“Brisk” was the word the gas station attendant used to describe the wind that brought the temperature to -40 C the other night; someone not so reserved might have used more colourful vocabulary.
Yesterday afternoon, while supervising students waiting for the school bus, I noticed three junior-high girls huddled together in line, swaying and singing (or was it moaning?) Kumbaya my Lord, kumbaya…
“Thinking of fire and warmth?” I asked. They nodded and just kept grooving.
Meanwhile, Susanna’s been experimenting with the cold in her usual manner–filling ziploc bags with water and seeing how fast they freeze on our front porch. She’s been doing this for years now, and when she was younger most of the water would land on the floor before it ever got outside, but now the process is pretty streamlined.
This kind of weather gets people talking. About cheap airplane tickets, tropical vacations, and even relocation. A friend of mine, who has taught in international schools around the world, came over for a visit recently and we started discussing the great things about living overseas–the adventure, the markets full of fresh fruit, the climate–and then I remembered how I felt when I came back. It was an overwhelming sense of ease, that came from navigating my home culture. Suddenly I noticed, and appreciated, all the sarcastic remarks and jokes I was “getting” without even trying. When people referred to something obscure while delivering a punchline I didn’t have to ask any questions; I knew what they were talking about and I “got” it. Believe me, it’s a beautiful thing to “get” something.
And so, this week, when someone forwarded me this link I laughed hard…no effort or cultural footnotes required. If I’d tried to explain to my former Guarani neighbours why this crunchy scale is so funny, the humour would’ve evaporated. Jokes poking fun at family cloth (a reusable alternative to toilet paper) aren’t so hilarious to someone wiping their butt with cleaned-off corn cobs out of necessity. While much humour transcends culture, there are some things that are funny because of our culture. The crunchy scale is one of them, and even though many people in my town wouldn’t find it the least bit funny, I know at least two of you who will.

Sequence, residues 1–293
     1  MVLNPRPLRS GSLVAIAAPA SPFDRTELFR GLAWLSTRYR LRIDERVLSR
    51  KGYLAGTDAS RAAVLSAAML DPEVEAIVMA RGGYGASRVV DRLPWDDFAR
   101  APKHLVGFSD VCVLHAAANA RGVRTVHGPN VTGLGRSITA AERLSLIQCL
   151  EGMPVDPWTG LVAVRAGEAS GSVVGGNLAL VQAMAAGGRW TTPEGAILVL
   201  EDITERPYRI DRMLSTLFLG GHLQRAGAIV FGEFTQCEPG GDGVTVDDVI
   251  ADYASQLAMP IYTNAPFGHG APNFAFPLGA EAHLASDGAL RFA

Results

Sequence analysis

My girls took the whole thing very seriously. I read off the requirements to get to the next crunchy level and they nodded their heads competitively. We stalled at level eight (requiring organic, local food that has been blessed by vegan unicorns), but then moved ahead when we saw it also included going “no-poo”. For those of you who think this is something to do with your excretory system, let me explain… Going no-poo means ditching commercial shampoos and other hair products containing dubious ingredients. There are millions of websites that detail why someone might choose to do this but this isn’t one of them. All I want to do is share the light I’m finding at the end of my 2-year-long, no-poo tunnel. Technically, it’s not really no-poo since I’ve purchased, and used, some natural shampoos during this time, but let me tell you, I stayed the course with vinegar and baking soda for a long time… way longer than I should’ve because
A) It’s no fun to wash your hair with something that doesn’t suds up
B) My hair didn’t feel clean
I found a version of this simple shampoo/conditioner on-line after I’d given up on baking soda and vinegar, and heard the girls complaining about rinsing out their conditioner.
“Can’t you just buy a two-in-one, Mom?” they’d asked.
“Of course I can, but I’m going to try and make one first,” I answered.
Here’s what I did and how it turned out:
All Natural Two-In-One Shampoo
1. Measure one part liquid castile soap (like Dr. Bronner’s) with one part coconut milk (the kind you use for thai cooking).
2. Shake before each use. A little goes a long way–mix up one cup of shampoo at a time and it will store well in your bathroom.
3. You can add essential oils, or decrease the amount of soap or milk if the ratio isn’t quite right for you hair type.
4. Once in a while, when the girls have a lot of tangles, I rinse their hair with a little apple cider vinegar and water. They hate this.
Have a wonderful weekend, whether you are a no-poo experimenter, a cold-weather warrior, a veteran traveler, or none of the above.
PS. If you see me in person, don’t judge the shampoo by my hair–it’s toque season.
PSS. I feel like I need to clarify something… we don’t used family cloth.